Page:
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You did, so you can and you will: Self-efficacy as a mediator of spillover from easy to more difficult pro-environmental behaviour
Environmental action builds confidence in ability to make change, and then confidence encourages more environmental actions
Motivating people to act in environmentally friendly ways can be difficult. This study explored how building self-efficacy (belief in one’s capacity to make change) in undertaking “easy” pro-environmental behaviors (PEBs) may contribute to people later engaging in “more difficult” PEBs. The concept of “scaling up” PEBs in levels of difficulty is a psychological effect called “spillover,” which could help to spark mobilization of increased PEBs. The researchers investigated whether engaging in “easy” environmental actions could lead to increased confidence in someone’s personal ability to make positive change, which could then lead to increased environmental actions.
The study explored water-related PEBs in two separate studies. In Study 1, authors analyzed how participating in “easy” PEBs may lead to increased self-efficacy, and that increased self-efficacy then led to intention to participate in “harder” PEBs. Authors recruited 473 participants from 4 Australian cities. All participants had a garden, yard, or outdoor plants to guarantee they could participate in the target PEBs. The participants then responded to an online questionnaire about how often they engaged in water-related PEBs. There were 23 PEBs in the study: 14 about water conservation and 9 about water quality. For example, one question asked: “When you use garden chemicals, how often do you follow the instructions (e.g., use the correct amount)?” Then, participants self-reported their self-efficacy with questions such as “I feel capable of conserving water” and their environmental identity with questions such as “I think of myself as an environmental person.” Participants were then asked to report on the likelihood of participating in the same 14 PEBs in the next six months. Researchers used statistics to test whether the hypothesized relationships were supported.
Results from study 1 supported the hypothesis that “small” PEBs increased self-efficacy, which then improved intention to participate in “harder” PEBs. If participants did more easy PEBs, they were more likely to have higher self-efficacy, and in turn, more likely to intend to do harder PEBs. This relationship was stronger than environmental self-identity (seeing yourself as an environmental person), which suggested that this spillover effect might work with people who do not identify as environmentally friendly. However, the major limitation of this study is that the spillover is only suggested, as intending to do a PEB is not the same as actually doing it.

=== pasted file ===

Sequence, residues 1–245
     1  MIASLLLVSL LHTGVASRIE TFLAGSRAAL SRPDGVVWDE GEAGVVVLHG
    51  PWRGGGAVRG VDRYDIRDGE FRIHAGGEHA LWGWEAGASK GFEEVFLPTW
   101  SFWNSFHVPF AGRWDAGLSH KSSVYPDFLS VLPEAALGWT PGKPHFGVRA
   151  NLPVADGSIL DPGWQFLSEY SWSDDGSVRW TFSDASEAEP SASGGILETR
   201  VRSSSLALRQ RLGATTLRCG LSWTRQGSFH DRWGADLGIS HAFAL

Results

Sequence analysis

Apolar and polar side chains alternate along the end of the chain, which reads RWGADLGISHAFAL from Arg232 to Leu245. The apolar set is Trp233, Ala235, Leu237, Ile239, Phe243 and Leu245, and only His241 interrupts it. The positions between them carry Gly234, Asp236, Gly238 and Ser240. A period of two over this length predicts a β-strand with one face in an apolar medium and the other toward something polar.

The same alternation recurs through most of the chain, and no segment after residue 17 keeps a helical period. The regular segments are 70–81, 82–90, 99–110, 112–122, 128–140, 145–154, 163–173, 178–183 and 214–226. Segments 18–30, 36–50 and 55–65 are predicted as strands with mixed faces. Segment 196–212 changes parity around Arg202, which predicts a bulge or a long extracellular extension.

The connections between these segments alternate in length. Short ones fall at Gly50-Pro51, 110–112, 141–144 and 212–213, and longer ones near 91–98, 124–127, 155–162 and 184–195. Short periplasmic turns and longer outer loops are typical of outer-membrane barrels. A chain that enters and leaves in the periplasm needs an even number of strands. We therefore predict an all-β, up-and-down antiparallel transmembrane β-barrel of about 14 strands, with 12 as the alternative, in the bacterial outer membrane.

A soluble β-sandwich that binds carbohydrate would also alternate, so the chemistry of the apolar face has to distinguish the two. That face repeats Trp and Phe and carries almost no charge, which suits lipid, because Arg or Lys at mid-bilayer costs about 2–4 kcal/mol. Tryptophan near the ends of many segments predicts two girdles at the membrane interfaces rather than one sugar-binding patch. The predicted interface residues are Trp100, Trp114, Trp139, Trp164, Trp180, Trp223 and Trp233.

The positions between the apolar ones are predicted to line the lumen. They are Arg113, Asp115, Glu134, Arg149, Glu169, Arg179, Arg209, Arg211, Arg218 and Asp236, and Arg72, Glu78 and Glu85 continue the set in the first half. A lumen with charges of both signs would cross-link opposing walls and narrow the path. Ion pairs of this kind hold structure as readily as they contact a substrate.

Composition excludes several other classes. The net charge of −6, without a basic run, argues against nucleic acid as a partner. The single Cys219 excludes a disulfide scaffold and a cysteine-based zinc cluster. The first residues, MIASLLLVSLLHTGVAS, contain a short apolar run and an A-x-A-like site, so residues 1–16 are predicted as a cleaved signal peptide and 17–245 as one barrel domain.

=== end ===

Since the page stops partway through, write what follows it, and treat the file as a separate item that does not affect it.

Study 2 attempted to address the limitations of study one by measuring spillover over time. As with study 1, study 2 focused on water-related behavior. Here, the “easy” PEBs were water saving PEBs, and “hard” PEBs were installing water efficient appliances. In study 2, researchers conducted a pre- and post-survey that measured actual PEBs rather than intended PEBs. Participants were recruited in a similar manner (survey panel in southeast Australia), but only those completing the pre- and post- surveys were included (165 people total). Similar to study 1, the pre-survey asked about household water-use questions, such as how much water participants used in their kitchen, garden, showers, etc., as well as whether they had installed any water-efficient appliances and whether they intended to. Participants also answered questions to assess self-efficacy and environmental identity. In the post-survey four months later, participants were asked if they had installed the water-efficient appliances. Researchers then tested the links between doing easy PEBs, self-efficacy, intentions to do hard PEBs, and actually doing them.
Study 2 found that these hypothesized relationships still held: participating in easy PEBs built self-efficacy, which made people more likely to plan to do harder PEBs, which in turn made the more likely to do them. Authors pointed out that the importance of self-efficacy makes a lot of theoretical sense, but this is the first time anyone has measured it in the context of spillover. They also note that self-efficacy likely mediates any type of spillover, including between easy and easy PEBs or hard and hard. Future research should include self-efficacy as a mediator of PEB spillover and explore how supporting self-efficacy may accelerate this process.
There were limitations acknowledged in this study. First, these results were limited to water-related PEBs. Secondly, different measures of self-efficacy were used in the two studies. Thirdly, wording of questions may have been convoluted. Fourthly, the perception of the labels “easy” and “difficult” may be have been subjective. Lastly, considering that this study was in Australia, another study in another context or country may have different results.
Encouraging people to engage in easy environmentally-friendly PEBs may support a person’s sense of self-efficacy (the belief of ability to make positive change on a topic). This is important and recommended because larger self-efficacy can take them from engaging in easy environmentally-friendly PEBs to more difficult environmentally-friendly PEBs in the future.
The Bottom Line
This study explored how building self-efficacy (belief in one’s capacity to make change) in undertaking “easy” pro-environmental behaviors (PEBs) may contribute to people later engaging in “more difficult” PEBs. To do so, the authors recruited and surveyed 473 participants from 4 Australian cities. They found that participating in easy PEBs built self-efficacy, which made people more likely to plan to do harder PEBs, which in turn made the participants more likely to do them.